I just realized I haven’t posted for almost a week! That’s a record. Besides being busy at work, I really don’t have anything to write about. Shocked? Me too.
Anyway, so the past days I’ve been busy writing short things about “him“ (I emphasize the quotes, and yes that’s a semi-new blog, go visit!), editing websites for work, reading, online training, watching this, going to press conferences, selling tickets, book shopping, working, and doing everything besides posting here. I know, I even missed the second Taste Asia event, but that was because I had dinner with two of my high school friends in Eastwood, and geography won over me there. :P My “blog social life” is dying, I know, but you guys still like me, right? *bats eyelashes* I hope so. I see an average of 7 people online everytime I check my site, so it’s got to be someone. Unless they’re all bots. Boo.
Wait, that’s not what I want to talk about. ADD moment, sorry. Anyway, one of the favorite topics at work is something that I used to do (but not professionally): photography. To those who don’t know, I took up a photography subject back in college which I admit I really liked. I loved being able to take photos, to see good ones come out, to scout places to have photo shoots and whatnot. Somewhere along the way, I lost interest, mainly because it was so expensive. FYI, I own a manual SLR camera (a Nikon FM10, for those who care), and I really liked using it. But let’s face it: film and developing isn’t cheap. I wasn’t that into photography to spend so much money on film, which is why I decided to settle for point and shoot digital cameras instead. Until I stopped taking pictures altogether (I was a docu person back then; I was required to take photos) just because I felt like bringing a camera was burdensome.
But like I said, photography is one of the hot topics at work, and it made me remember my shooting days (if you could call it that). I even dug up my old photography portfolio I passed for this class, saw my old photos and then found this essay I wrote at the end. I just have to laugh at what I wrote:
It’s enough to say that I underestimated the subject. I thought that I would be a “one shot wonder”. I was thinking too highly of myself then, and after a few day sessions at the photo lab, I realized that I took too much pride in myself. I learned how hard, demanding and expensive photography can be. I was forced to think and see outside my normal vision — is this photo telling a story? Is this picture also beautiful in other people’s eyes? Is this picture as good in black and white as it is in colored?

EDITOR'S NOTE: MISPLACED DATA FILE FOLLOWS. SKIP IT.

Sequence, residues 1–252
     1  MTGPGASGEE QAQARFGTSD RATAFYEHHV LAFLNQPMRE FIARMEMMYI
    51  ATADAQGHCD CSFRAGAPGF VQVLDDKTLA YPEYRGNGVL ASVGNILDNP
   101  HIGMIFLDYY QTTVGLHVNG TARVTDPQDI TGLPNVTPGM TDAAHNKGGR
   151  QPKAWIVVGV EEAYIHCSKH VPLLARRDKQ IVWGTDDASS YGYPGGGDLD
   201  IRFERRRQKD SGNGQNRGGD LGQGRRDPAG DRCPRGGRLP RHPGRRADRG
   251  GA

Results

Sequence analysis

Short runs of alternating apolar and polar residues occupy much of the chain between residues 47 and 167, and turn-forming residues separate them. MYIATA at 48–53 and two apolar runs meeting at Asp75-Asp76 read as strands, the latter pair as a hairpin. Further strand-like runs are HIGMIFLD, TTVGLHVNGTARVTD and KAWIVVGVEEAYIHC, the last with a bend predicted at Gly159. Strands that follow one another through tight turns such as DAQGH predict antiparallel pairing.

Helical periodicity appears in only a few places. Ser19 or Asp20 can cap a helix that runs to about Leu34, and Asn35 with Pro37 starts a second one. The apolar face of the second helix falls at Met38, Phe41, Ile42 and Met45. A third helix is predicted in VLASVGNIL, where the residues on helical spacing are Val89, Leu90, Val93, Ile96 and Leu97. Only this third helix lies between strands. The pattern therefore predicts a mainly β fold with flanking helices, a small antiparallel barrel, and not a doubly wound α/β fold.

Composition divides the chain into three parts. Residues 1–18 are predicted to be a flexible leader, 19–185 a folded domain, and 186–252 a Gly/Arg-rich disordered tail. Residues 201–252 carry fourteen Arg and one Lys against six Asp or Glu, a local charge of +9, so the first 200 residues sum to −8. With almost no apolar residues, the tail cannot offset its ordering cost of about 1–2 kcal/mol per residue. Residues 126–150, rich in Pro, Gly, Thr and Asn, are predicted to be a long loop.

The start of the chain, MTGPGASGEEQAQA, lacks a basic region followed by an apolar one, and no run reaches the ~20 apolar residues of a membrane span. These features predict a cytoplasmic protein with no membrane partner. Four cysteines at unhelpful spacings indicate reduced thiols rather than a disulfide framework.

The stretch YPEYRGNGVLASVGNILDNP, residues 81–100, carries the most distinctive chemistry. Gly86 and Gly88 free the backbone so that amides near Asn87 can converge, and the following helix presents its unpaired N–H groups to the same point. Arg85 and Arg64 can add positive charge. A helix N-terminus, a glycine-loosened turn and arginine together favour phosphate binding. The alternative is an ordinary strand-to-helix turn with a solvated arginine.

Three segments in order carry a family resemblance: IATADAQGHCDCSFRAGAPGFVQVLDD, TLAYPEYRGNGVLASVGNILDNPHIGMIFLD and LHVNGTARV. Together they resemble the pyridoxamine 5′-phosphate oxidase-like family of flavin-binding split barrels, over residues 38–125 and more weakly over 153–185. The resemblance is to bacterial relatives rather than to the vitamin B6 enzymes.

…As of now, I dont’ know if I’m the photographer type. I still like photography, but not as much as I used to before I started…
And then my professor left some comments in response to the last sentence in particular:
Just like photography, becoming one is a process. You’d never know. If you get to talk to professional photographers, you’ll be amazed how they started and ended up being a photographer. Still, patience is a virtue. It will come back…in time. :)
I’ve been thinking about that; about getting back into photography. All these photography talk at work is getting to me, plus the fact that I was surrounded by really awesome cameras a couple of days ago and got to talk to a really awesome photographer (Hi Pia!) whose stories inspired me to try picking up a camera again.
But right now I don’t know. I want to, but I guess I’m kind of afraid to try doing something but not following through. Like investing in a dSLR, in all those lenses and gadgets…it’s not as cheap as an lcd monitor. Then there’s actually bringing the big camera around…and continuously not being in any photos (which I really don’t mind…but I do like being in group photos). What if I get tired of it too soon?
Sorry, thinking aloud. :P
So now I’m torn. Should I get back to it, or should I not? If ever I don’t use the camera, my brother’s going to use it obviously…but somehow, I want to try it again. Take the risk and all that. Maybe I’ll end up liking it more than I used to. Who knows?
A couple of weeks into my new job, I was talking to my team leader, who is a freelance photographer and I told him, “I once dreamed of being a photographer too.” He replied, “Why not make that dream come true?”
Hmm. He has a point. Why not? And, as what my professor told me, it comes back in time. Is this the time? Should I or should I not?
What do you think?